Observations of the planet's brightness temperature with the Spitzer Space Telescope suggest a possible thermochemical disequilibrium in the atmosphere of this exoplanet. Results published in Nature suggest that Gliese 436b's dayside atmosphere is abundant in CO and deficient in methane (CH4) by a factor of ~7,000. This result is unexpected because, based on current models at this temperature, the atmospheric carbon should prefer CH4 over CO.[19][20][21][22]

Orbital characteristics

One orbit around the star takes only about 2 days, 15.5 hours. Gliese 436 b's orbit is likely misaligned with its star's rotation.[21]

This planet should not be as eccentric as is measured. To have maintained its eccentricity over time requires that it be accompanied by another planet.[2][23]

In 2012 two candidate planets were proposed.[24]

See also

References

  1. ^ a b c "LHS 310". Simbad. Centre de Données astronomiques de Strasbourg. Retrieved 2007-11-28. 
  2. ^ a b c d e f g h Drake Deming; Joseph Harrington; Gregory Laughlin; Sara Seager; Navarro, Sarah B.; Bowman, William C.; Karen Horning (2007). "Spitzer Transit and Secondary Eclipse Photometry of GJ 436b". The Astrophysical Journal 667 (2): L199–L202.  
  3. ^ a b c Bean, J.L. et al. (2008). "A Hubble Space Telescope transit light curve for GJ 436b". Astronomy & Astrophysics. 
  4. ^ Confirmed, Pont, F.; Gilliland, R. L.; Knutson, H.; Holman, M.; Charbonneau, D. (2008). "Transit infrared spectroscopy of the hot neptune around GJ 436 with the Hubble Space Telescope".  
  5. ^ Maness et al.; Marcy, G. W.; Ford, E. B.; Hauschildt, P. H.; Shreve, A. T.; Basri, G. B.; Butler, R. P.; Vogt, S. S. (2006). "The M Dwarf GJ 436 and its Neptune-Mass Planet". Submitted to  
  6. ^ Beust,Hervé et al. (August 1, 2012). "Dynamical evolution of the Gliese 436 planetary system - Kozai migration as a potential source for Gliese 436b's eccentricity".  
  7. ^ Butler et al.; Vogt, Steven S.; Marcy, Geoffrey W.; Fischer, Debra A.; Wright, Jason T.; Henry, Gregory W.; Laughlin, Greg; Lissauer, Jack J. (2004). "A Neptune-Mass Planet Orbiting the Nearby M Dwarf GJ 436". The  
  8. ^ Harrington, J.D.; Weaver, Donna; Villard, Ray (December 31, 2013). "Release 13-383 - NASA's Hubble Sees Cloudy Super-Worlds With Chance for More Clouds".  
  9. ^ Moses, Julianne (January 1, 2014). "Extrasolar planets: Cloudy with a chance of dustballs".  
  10. ^ Knutson, Heather et al. (January 1, 2014). "A featureless transmission spectrum for the Neptune-mass exoplanet GJ 436b".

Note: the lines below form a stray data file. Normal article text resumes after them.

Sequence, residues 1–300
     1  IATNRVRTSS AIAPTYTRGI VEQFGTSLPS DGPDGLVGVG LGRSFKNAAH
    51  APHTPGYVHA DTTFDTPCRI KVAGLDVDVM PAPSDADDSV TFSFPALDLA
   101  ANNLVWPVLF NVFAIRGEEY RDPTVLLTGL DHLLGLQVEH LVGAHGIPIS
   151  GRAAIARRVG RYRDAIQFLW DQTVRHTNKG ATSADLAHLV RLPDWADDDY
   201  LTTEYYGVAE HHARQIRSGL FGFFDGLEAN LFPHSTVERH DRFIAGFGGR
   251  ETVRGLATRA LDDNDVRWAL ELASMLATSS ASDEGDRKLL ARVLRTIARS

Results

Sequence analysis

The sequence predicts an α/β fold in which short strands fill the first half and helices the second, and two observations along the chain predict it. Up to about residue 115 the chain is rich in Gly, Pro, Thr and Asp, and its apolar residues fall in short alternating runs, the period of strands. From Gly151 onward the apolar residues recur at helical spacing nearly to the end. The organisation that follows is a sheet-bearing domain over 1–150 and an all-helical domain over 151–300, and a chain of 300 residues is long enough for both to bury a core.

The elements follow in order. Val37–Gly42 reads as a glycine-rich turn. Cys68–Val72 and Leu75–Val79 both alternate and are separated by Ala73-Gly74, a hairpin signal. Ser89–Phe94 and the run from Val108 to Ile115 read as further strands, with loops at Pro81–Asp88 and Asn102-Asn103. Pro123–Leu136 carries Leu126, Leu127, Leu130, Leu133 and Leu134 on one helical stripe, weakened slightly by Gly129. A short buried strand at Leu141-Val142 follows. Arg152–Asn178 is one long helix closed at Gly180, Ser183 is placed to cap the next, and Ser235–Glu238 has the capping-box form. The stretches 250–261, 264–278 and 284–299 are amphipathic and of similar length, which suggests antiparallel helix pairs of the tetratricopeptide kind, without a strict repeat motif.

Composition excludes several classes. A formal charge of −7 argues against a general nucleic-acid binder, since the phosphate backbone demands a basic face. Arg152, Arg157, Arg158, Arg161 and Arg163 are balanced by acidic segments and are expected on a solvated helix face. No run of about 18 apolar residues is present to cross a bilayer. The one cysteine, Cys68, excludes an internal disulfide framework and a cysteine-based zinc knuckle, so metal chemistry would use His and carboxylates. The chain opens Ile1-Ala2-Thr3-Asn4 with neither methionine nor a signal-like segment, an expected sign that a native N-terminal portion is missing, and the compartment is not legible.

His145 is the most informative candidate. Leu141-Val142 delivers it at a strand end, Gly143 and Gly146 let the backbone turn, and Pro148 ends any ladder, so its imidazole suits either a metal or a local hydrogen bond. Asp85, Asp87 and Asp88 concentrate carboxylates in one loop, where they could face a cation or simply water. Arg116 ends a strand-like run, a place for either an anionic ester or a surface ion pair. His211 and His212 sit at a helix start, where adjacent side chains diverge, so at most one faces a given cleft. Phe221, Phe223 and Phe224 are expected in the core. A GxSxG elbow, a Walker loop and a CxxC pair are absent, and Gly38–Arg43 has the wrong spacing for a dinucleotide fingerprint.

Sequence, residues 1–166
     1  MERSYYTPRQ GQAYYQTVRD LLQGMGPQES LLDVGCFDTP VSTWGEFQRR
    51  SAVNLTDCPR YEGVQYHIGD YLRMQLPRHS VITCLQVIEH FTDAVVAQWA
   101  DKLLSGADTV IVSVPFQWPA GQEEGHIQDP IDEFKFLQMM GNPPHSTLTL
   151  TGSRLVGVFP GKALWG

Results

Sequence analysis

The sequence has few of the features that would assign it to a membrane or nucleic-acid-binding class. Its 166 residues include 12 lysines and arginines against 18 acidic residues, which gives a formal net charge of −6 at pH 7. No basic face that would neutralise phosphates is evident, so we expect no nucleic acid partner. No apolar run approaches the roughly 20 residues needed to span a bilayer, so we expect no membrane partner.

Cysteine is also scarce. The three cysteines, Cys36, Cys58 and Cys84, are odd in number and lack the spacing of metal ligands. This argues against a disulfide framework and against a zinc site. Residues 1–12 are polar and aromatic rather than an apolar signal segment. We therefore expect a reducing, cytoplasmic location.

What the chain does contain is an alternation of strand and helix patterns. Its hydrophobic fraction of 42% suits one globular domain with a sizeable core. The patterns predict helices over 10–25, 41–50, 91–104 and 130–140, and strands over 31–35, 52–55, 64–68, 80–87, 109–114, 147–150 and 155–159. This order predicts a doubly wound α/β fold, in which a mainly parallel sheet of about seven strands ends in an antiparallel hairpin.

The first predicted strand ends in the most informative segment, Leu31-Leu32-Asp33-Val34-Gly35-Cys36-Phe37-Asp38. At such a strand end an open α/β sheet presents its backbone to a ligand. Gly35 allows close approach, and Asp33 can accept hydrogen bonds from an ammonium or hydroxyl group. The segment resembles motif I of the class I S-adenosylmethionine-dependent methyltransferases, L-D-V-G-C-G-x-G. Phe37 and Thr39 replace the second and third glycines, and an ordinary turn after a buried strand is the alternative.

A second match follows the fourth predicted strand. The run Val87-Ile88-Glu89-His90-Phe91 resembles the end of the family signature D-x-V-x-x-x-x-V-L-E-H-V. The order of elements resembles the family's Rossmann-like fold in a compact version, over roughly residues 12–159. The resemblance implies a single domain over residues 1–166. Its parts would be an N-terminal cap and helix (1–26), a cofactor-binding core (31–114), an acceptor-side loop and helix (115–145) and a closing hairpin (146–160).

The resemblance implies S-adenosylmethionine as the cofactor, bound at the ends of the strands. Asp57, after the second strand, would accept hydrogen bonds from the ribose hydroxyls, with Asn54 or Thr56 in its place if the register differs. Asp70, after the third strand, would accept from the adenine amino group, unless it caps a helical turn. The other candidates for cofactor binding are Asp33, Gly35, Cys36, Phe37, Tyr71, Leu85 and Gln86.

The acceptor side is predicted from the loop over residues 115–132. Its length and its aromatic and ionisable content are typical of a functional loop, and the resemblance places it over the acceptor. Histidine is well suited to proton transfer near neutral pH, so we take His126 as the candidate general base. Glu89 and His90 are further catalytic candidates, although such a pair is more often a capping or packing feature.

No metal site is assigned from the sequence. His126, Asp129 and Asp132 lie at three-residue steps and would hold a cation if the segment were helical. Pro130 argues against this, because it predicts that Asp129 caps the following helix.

11. ^ Kreidberg, Laura et al. (January 1, 2014). "Clouds in the atmosphere of the super-Earth exoplanet GJ 1214b".  
  12. ^ Coughlin, Jeffrey L.; Stringfellow, Guy S.; Becker, Andrew C.; Mercedes Lopez-Morales; Fabio Mezzalira; Tom Krajci (2008). "New observations and a possible detection of parameter variations in the transits of Gliese 436b". The Astrophysical Journal 689 (2): L149–L152.  
  13. ^ Brian Jackson; Richard Greenberg; Rory Barnes (2008). "Tidal Heating of Extra-Solar Planets". The Astrophysical Journal 681 (2): 1631–1638.  
  14. ^ a b M. Gillon et al. (2007). "Detection of transits of the nearby hot Neptune GJ 436 b" (PDF). Astronomy and Astrophysics 472 (2): L13–L16.  
  15. ^ Shiga, David (6 May 2007). """Strange alien world made of "hot ice. New Scientist. Retrieved 2007-05-16. 
  16. ^ Fox, Maggie (May 16, 2007). "Hot "ice" may cover recently discovered planet". Science News (Scientific American.com). Retrieved 2008-08-06. 
  17. ^ H. Lammer et al. (2007). "The impact of nonthermal loss processes on planet masses from Neptunes to Jupiters". Geophysical Research Abstracts 9 (07850).  By analogy with Gliese 876 d.
  18. ^ E. R. Adams, S. Seager, and L. Elkins-Tanton (February 2008). "Ocean Planet or Thick Atmosphere: On the Mass-Radius Relationship for Solid Exoplanets with Massive Atmospheres".  
  19. ^ "Possible thermochemical disequilibrium in the atmosphere of the exoplanet GJ 436b". Nature 464 (7292): 1161–1164. 22 April 2010.  
  20. ^ GJ436b - Where's the methane? Planetary Sciences Group at the University of Central Florida, Orlando
  21. ^ a b Knutson, Heather A. (2011). "A Spitzer Transmission Spectrum for the Exoplanet GJ 436b". Astrophysical Journal. 735, 27.  
  22. ^ LINE, Michael R.; VASISHT, Gautam; CHEN, Pin; ANGERHAUSEN, D.; YANG, Yuk L. (2011). "Thermochemical and Photochemical Kinetics in Cooler Hydrogen Dominated Extrasolar Planets". Astrophysical Journal. 738, 32.  , abstract in the arXiv titled "Thermochemistry and Photochemistry in Cooler Hydrogen Dominated Extrasolar Planets: The Case of GJ436b"
  23. ^ Bean, Jacob L.; Andreas Seifahrt (2008). "Observational Consequences of the Recently Proposed Super-Earth Orbiting GJ436". arXiv:0806.3270 [astro-ph].
  24. ^ Reuters (July 2012). "Alien exoplanet smaller than Earth discovered". Sydney Morning Herald. Retrieved 19 July 2012. 

Selected media articles

  • How Do Artists Portray Exoplanets They've Never Seen? 4/9, Scientific American October 2, 2007.
  • Astronomers Detect Shadow Of Water World In Front Of Nearby Star (from Science Daily).

External links

Media related to at Wikimedia Commons

Artist's conception of Gliese 436 b